Sean Penn's interview with 'most wanted' Mexican kingpin 'El Chapo' led to his re-capture
US actor Sean Penn interviewed Joaquin 'El Chapo' Guzman three months before the Mexican drug lord's capture this week.
Mexico City, Mexico: US actor Sean Penn interviewed Joaquin "El Chapo" Guzman three months before the Mexican drug lord's capture this week, Rolling Stone magazine revealed on Saturday, a meeting that helped authorities track down the kingpin.
The US rock magazine published a picture showing Penn in a black shirt shaking hands with the mustachioed Sinaloa drug cartel leader, who is in a blue shirt, on 2 October.
Penn writes that the 58-year-old Guzman gave him a big hug when they met at a Mexican jungle clearing and had a seven-hour sitdown followed by phone and video interviews.
"I supply more heroin, methamphetamine, cocaine and marijuana than anybody else in the world," Guzman told Penn in a stunning admission of his criminal enterprise over sips of tequila.
"I have a fleet of submarines, airplanes, trucks and boats," Guzman said in the meeting, which Mexican actress Kate del Castillo helped to arrange.
A Mexican federal official told AFP that authorities "had knowledge of this meeting" and that it helped lead to Friday's recapture of the world's most wanted man in his northwestern home state of Sinaloa.
Mexican Attorney General Arely Gomez said on Friday that Guzman had met with unnamed actors and producers in the hope of making a biopic about himself.
Rolling Stone also published a video showing Guzman without a mustache, talking about why he decided to go into drug trafficking after the age of 15 because there were "no job opportunities."
"Unfortunately, where I grew up, there was and there is no other way to survive," Guzman said.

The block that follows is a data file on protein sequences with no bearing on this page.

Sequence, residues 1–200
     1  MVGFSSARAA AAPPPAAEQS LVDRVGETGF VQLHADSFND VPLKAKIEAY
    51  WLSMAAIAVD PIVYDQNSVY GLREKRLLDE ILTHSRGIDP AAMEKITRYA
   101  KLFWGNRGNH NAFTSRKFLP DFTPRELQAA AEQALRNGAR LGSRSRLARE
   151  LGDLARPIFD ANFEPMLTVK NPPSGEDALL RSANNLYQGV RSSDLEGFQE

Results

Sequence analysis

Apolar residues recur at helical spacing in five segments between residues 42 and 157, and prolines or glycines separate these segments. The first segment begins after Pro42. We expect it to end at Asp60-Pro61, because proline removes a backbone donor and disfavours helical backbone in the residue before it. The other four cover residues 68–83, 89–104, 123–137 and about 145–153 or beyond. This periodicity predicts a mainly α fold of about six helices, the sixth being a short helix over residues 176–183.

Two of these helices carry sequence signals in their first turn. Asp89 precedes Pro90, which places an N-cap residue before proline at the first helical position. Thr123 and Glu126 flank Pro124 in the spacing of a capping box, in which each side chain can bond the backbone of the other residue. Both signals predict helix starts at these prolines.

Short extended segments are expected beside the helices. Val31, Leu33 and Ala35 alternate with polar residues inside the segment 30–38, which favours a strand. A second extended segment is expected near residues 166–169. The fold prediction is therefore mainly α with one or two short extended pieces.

Asked if he feels responsible for the high level of addictions in the world, he said: "It's false. The day that I don't exist, it won't reduce drug trafficking."
The Rolling Stone interview emerged after Mexican prosecutors announced that they would seek Guzman's extradition to the United States, a reversal from President Enrique Pena Nieto's refusal to send him across the border.
The attorney general's office said it received two US extradition requests last year on a slew of charges, including drug trafficking and murder, and that it later obtained arrest warrants to ship him across the border.
"With Guzman Loera's recapture, the respective extradition proceedings will have to start," the office said in a statement.
It did not indicate when the hearings would start and noted that Guzman's lawyers could seek appeals.
One of Guzman's attorneys, Juan Pablo Badillo, vowed to take the case up to the Supreme Court if necessary.
"He shouldn't be extradited because Mexico has a fair Constitution," Badillo told reporters outside the Altiplano prison near Mexico City, where Guzman was sent following his arrest.
It was from that prison that Guzman escaped on July 11, sneaking into a hole in his cell's shower that led to a 1.5-kilometer (one-mile) tunnel outside the prison.
A Mexican federal official defended the decision to send Guzman back to Altiplano, saying measures were taken to improve security, including the installation of metal rods under the floor of prison cells.
The world's most wanted drug baron was arrested after a deadly military raid on a house early Friday in Los Mochis, a coastal city in his native northwestern state of Sinaloa.
Five suspects died and one marine wounded. Six others were detained in the operation.
"When we had the courage, we looked out the window and saw the soldiers on the ground firing at the garage door until they opened it," said a neighbor.
Guzman and his security chief fled through the city's drainage system.
The wanted men came out of a manhole and stole a car, but they were captured on a road and taken to a motel, where Guzman was pictured seated on a bed, wearing a dirty sleeveless shirt -- an ignominious end for a kingpin whose billionaire drug business reaches as far as Asia and Europe.
In the Rolling Stone video interview, Guzman is asked about the belief that Mexican authorities want to kill him instead of taking him alive.
He responds: "No, I think that if they find me they will arrest me. Of course."
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